Engineering Zeolite Catalysts with Improved Performance for Aromatics Production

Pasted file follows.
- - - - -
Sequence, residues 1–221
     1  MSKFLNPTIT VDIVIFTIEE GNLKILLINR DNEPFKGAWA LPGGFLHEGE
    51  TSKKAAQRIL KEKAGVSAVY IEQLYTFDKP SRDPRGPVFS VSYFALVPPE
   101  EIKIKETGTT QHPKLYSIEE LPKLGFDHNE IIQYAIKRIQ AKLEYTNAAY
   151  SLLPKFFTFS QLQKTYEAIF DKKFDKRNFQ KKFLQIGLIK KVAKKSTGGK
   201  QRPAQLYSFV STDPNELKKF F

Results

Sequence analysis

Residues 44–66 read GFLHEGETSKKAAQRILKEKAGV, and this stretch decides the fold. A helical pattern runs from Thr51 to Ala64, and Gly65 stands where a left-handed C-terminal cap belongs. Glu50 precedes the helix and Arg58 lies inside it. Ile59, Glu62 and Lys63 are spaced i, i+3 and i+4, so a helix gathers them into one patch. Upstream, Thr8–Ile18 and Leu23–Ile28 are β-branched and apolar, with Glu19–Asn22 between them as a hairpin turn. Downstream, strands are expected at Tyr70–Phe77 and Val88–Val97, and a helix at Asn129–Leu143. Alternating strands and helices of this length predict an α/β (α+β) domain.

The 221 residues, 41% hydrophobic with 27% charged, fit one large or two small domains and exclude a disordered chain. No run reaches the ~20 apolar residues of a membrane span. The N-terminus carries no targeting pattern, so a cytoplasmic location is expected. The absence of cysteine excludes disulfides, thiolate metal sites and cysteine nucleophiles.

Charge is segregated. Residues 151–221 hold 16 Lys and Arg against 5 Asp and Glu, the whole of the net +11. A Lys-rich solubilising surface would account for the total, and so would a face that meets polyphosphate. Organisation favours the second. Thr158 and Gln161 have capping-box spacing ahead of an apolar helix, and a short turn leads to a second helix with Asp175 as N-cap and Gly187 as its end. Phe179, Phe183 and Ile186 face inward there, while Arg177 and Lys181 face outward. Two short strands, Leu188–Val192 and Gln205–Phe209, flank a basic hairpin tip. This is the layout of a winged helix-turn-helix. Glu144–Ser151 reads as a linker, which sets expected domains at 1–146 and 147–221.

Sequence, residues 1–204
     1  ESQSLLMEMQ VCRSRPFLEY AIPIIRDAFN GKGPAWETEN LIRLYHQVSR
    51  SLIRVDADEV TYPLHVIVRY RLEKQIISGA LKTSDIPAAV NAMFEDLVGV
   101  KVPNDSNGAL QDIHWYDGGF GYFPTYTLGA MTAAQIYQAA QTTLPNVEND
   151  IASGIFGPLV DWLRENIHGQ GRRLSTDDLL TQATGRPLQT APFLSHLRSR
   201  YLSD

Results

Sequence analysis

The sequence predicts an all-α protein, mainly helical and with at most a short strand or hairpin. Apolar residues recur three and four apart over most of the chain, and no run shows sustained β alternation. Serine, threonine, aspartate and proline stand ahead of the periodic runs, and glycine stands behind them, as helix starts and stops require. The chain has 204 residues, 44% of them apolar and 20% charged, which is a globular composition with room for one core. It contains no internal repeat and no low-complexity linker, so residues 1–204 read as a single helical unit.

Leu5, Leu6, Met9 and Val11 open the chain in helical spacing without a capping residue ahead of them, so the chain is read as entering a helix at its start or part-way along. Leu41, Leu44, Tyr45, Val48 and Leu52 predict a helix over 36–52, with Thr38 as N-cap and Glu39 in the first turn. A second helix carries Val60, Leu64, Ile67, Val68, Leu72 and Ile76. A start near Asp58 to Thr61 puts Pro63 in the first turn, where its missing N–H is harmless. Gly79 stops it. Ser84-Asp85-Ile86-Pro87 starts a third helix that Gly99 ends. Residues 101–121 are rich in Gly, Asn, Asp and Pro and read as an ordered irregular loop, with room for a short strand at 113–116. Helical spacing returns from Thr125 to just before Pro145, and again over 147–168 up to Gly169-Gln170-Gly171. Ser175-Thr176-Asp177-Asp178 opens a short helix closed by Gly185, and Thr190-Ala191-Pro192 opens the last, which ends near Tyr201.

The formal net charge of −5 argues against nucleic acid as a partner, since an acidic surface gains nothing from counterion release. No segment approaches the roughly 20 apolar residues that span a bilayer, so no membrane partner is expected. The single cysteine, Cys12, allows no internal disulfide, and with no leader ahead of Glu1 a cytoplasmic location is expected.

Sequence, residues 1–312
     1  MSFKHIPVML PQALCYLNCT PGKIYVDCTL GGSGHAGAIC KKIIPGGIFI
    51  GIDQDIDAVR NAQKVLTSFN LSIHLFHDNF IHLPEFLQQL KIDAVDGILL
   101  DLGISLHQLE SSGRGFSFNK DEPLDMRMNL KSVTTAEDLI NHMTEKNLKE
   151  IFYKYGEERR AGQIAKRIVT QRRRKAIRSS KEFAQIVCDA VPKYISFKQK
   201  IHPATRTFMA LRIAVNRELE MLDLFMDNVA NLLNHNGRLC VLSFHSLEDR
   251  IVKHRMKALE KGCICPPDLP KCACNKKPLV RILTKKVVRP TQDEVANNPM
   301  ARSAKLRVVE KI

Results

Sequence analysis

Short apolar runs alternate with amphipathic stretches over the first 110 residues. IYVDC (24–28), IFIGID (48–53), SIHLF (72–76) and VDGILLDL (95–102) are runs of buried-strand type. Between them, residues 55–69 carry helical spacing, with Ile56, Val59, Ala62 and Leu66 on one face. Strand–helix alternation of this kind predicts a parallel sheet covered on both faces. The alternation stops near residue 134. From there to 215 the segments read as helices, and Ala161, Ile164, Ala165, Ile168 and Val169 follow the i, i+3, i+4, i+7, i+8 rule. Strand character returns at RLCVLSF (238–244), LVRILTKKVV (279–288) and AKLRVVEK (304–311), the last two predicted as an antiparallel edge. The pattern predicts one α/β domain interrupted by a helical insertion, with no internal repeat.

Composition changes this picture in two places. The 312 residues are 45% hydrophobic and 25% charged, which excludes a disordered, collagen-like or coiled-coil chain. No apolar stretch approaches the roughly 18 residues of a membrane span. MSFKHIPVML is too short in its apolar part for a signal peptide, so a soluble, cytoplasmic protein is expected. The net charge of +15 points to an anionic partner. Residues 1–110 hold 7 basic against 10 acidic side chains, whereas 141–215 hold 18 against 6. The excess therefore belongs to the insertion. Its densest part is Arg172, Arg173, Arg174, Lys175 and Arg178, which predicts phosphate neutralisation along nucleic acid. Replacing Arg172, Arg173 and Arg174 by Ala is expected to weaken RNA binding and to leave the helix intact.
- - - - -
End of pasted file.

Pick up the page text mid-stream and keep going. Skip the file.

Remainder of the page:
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Zeolites are shape-selective microporous crystals that are widely used in refining and (petro)chemical processes owing to their unique porous topologies, high thermal stability, and tunable acidity. This dissertation aims to improve the performance of zeolite catalysts by optimizing some essential design parameters such as framework topology, morphology, and Brønsted and Lewis acidity. We first investigated the synthesis of 2-dimensional (2D) zeolites due to their superior catalytic properties, particularly in applications involving large (bulky) molecules. We selected a common layered zeolite, MCM-22 (MWW framework), to explore methods of preparing 2D nanosheets via a one-pot synthesis in the absence of complex organic templates. Using a combination of high-resolution microscopy and spectroscopy, we show 2D MMW-type layers with an average thickness of 3.5 nm (ca. 1.5 unit cells) can be generated using the surfactant cetyltrimethylammonium (CTA), which operates as a dual organic structure-directing agent (OSDA) and exfoliating agent to affect Al siting and eliminate the need for post-synthesis delamination, respectively. We tested these 2D catalysts using a m odel reaction to assess external (surface) Brønsted acid sites and observed a marked increase in the conversion relative to 3-dimensional MCM-22 and 2D layered MWW (ITQ-2) prepared by post-synthesis exfoliation. To this end, our findings highlight a facile, effective route to directly synthesize 2D MWW-type materials, which may prove to be more broadly applicable to other layered zeolites. Driven by the limited supply of fossil fuels, it is highly desirable to develop high-performance zeolite catalysts with improved selectivity to aromatics, particularly from diversified (non-petroleum) feedstocks. The catalyst ZSM-5 (MFI framework) was chosen to examine more efficient routes to aromatics given its reported shape-selectivity for C6 – C8 products. In this dissertation, we examine ethylene dehydroaromatization (DHA) over metal-exchanged ZSM-5 (both Ag-ZSM-5 and Ga-ZSM-5) and show that extra-framework Lewis acid sites promote DHA reactions with enhanced selectivity to toluene and xylenes. We observe that metal-exchanged ZSM-5 enhances aromatic selectivity approximately 3-fold compared to H-ZSM-5, which tends to produce light olefins and other aliphatic hydrocarbons. Through systematic studies of metal-exchanged ZSM-5 using a combination of experiments and density functional theory (DFT) calculations, we have been able to differentiate the roles of metal species in ethylene activation with enhanced product selectivity to value-added aromatics. Lastly, we have studied the challenges associated with synthesizing ZSM-5 at low temperature (ca. 100°C), which is often necessary to generate small crystals (< 200 nm) with an appreciable quantity of acid sites (i.e., Si/Al < 25). We show that synthesis at low temperature, and most notably in growth mixtures containing high aluminum concentration, results in the incomplete incorporation of Al in ZSM-5 that can be partially removed through post-synthesis mild acid treatment. Our findings suggest that ZSM-5 may be more difficult to synthesize than is commonly perceived, most notably when examining the various types of defects (i.e., extra-framework octahedral- and penta-coordinated Al) that can be incorporated in crystalline products over a wide range of synthesis conditions.